Lesser Known Facts About Workers’ Compensation Claims

Compensation for work-related injuries may seem like a modern idea based on today’s more compassionate society, still, you might be surprised to learn that the practice of compensating a worker who sustains an injury on the job existed as far back in history as 2050 BC when workers in ancient Sumeria received monetary compensation for disabling injuries such as bone fractures under the laws of King Ur-Nammu. Other ancient societies including Roman, Greek, and Chinese civilizations also practiced the rule of compensating workers for severe injuries such as the loss of a body part. If you find these facts surprising, you might wonder if there are other facts you don’t know about Worker’s Compensation claims — a system we sometimes take for granted.

Workers’ Compensation is a No-Fault System

Because Oklahoma has an at-fault system for car insurance in the event of an accident, many Oklahoma residents assume that worker’s compensation is also a fault-based system. Some injured employees decide against making a claim because they falsely believe they’ll have to prove their boss was negligent or at fault in the accident in order to receive benefits, which would then cause dissension in the workplace. Fortunately, workers’ compensation always operates on a no-fault system. If you’re injured at work you only have to show that your injury occurred in the normal practice of your on-the-job duties.

Some Job Positions Don’t Qualify for Worker’s Compensation

While workers’ compensation covers the vast majority of employment positions, there are a few work categories that are exempt from coverage. Some examples of exemptions include the following:

  • Independent contractors
  • Some agricultural positions
  • Real estate agents who work on commission
  • Federal employees who are already covered under the Federal Employees’ Compensation Act (FECA)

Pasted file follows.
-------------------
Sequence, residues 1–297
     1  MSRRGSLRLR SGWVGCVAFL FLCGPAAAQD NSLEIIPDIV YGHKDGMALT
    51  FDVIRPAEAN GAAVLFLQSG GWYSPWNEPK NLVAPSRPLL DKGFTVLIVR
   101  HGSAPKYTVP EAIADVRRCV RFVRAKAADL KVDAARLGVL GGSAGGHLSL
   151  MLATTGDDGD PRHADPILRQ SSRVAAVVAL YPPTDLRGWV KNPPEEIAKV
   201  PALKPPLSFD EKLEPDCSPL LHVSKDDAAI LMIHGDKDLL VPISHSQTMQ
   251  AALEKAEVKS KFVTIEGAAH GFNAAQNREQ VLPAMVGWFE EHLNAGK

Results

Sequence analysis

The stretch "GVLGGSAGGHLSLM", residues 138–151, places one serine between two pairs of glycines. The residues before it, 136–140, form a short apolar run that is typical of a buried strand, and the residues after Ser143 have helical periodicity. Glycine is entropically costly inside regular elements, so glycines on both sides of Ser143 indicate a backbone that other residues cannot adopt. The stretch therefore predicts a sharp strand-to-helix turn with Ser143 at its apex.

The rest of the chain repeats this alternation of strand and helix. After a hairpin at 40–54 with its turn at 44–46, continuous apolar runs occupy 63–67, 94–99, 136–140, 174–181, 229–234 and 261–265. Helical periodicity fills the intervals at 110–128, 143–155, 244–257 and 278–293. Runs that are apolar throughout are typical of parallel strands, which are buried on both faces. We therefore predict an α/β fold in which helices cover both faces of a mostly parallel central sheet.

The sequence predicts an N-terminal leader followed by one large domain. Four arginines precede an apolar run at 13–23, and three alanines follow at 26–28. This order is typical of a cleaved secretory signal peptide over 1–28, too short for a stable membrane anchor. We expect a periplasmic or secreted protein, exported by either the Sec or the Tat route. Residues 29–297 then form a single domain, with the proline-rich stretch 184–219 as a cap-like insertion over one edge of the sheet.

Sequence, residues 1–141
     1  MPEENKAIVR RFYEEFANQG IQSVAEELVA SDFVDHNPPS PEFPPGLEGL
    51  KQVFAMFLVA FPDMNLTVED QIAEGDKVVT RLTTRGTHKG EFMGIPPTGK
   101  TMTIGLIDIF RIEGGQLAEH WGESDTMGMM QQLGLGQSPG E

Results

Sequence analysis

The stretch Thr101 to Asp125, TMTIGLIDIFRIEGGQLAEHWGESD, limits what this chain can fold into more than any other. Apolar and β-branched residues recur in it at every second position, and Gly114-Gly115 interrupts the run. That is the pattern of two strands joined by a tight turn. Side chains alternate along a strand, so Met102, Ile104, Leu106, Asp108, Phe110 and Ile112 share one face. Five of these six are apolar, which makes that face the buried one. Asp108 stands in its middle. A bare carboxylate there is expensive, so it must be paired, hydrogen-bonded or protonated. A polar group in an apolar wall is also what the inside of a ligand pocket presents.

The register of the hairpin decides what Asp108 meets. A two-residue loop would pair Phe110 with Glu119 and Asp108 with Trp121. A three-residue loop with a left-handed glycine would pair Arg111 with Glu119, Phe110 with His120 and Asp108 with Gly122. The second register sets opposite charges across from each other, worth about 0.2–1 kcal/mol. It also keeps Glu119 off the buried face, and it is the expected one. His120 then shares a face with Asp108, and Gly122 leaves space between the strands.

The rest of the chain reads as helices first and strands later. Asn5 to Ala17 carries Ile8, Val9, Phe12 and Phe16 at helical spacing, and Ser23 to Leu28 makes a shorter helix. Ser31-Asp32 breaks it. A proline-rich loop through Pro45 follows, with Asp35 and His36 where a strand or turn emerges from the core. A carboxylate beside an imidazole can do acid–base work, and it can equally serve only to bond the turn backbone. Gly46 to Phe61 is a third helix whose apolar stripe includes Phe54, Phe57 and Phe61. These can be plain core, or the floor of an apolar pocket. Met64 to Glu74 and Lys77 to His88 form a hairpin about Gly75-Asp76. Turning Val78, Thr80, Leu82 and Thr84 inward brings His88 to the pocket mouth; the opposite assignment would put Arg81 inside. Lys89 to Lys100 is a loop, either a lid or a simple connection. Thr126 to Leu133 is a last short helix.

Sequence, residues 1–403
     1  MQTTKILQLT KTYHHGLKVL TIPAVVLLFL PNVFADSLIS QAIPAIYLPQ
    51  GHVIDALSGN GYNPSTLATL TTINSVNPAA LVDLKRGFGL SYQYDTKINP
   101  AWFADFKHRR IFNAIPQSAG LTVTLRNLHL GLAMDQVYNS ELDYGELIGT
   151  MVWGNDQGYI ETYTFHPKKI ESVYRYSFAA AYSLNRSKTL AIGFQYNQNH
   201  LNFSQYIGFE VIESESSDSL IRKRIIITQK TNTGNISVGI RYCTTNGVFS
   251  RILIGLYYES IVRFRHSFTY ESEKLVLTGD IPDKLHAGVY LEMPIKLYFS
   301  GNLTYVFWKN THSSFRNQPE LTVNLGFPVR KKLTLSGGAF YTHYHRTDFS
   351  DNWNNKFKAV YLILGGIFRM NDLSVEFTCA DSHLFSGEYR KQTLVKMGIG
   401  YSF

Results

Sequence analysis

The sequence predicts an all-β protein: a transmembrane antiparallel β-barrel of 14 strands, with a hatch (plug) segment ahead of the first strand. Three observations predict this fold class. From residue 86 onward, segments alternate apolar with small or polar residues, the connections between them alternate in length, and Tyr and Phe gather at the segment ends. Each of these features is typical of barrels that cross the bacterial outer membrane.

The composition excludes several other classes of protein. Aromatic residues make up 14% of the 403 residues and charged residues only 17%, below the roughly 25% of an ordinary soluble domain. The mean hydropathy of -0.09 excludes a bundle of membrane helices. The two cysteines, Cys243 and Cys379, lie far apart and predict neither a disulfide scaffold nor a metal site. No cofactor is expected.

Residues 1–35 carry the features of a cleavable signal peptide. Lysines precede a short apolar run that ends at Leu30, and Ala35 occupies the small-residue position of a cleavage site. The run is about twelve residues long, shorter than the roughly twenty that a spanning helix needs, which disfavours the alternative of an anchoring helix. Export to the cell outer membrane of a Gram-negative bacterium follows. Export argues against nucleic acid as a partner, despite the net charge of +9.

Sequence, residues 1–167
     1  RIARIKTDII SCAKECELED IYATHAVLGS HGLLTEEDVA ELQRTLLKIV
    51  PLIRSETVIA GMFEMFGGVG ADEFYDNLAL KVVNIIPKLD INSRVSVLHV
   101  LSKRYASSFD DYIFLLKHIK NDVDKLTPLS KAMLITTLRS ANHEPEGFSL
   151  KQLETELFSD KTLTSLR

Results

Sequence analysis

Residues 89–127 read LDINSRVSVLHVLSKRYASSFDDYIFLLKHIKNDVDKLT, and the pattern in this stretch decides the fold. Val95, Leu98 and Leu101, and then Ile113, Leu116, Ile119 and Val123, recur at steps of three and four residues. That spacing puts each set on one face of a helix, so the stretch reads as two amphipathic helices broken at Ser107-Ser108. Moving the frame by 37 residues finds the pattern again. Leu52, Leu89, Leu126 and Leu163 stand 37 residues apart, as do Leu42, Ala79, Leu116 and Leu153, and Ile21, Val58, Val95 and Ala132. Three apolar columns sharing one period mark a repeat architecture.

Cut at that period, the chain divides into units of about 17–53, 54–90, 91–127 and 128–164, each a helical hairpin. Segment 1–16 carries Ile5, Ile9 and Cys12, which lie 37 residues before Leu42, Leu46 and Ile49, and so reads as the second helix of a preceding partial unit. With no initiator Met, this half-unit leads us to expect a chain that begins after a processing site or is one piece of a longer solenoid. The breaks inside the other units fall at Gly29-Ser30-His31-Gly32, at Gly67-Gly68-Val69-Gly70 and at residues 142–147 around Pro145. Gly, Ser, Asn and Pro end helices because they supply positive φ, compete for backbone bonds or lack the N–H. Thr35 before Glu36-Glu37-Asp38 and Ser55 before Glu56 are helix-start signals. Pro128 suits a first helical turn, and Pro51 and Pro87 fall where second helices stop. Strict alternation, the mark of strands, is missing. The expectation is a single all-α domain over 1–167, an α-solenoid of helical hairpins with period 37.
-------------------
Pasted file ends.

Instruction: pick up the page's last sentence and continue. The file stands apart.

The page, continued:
• Unpaid volunteer workers

If you aren’t certain you’re covered under workers’ compensation in your current position you can find out by contacting Oklahoma’s Workers’ Compensation Commission. 

If Your Employer Failed to Carry Worker’s Compensation Insurance You Have Other Options

Oklahoma requires most employers to carry workers’ compensation insurance. If you’re hurt on the job and discover that your employer failed to provide this protection you have the option to file a personal injury claim instead. One benefit of a personal injury claim is the option to claim compensation for pain and suffering — something workers’ compensation doesn’t cover. On the other hand, you give up your right to file a personal injury lawsuit against an employer by receiving workers’ compensation benefits. Speak to an Oklahoma City workers’ compensation lawyer to learn more. 

You May Still Be Eligible for Benefits After Returning to Work

Most people believe their workers’ compensation benefits cease the moment they’ve recovered enough to return to work. In fact, some benefits may continue under certain circumstances. For instance, if you were only able to return to a lesser-paid position or one with fewer hours, you could continue to receive compensation to make up for the difference in pay.

You Don’t Have to be Hurt on the Job Site to Receive Compensation

Finally, many people mistakenly believe they don’t qualify for workers’ compensation benefits unless they are hurt while physically in their place of employment or at the job site. Actually, even if you’re out making a delivery or running a work-related errand while on the clock, your injury is still covered.

If you’ve been injured on the job and have questions about workers’ compensation coverage you can ask an experienced Oklahoma City injury attorney for help understanding your rights and benefits under this system.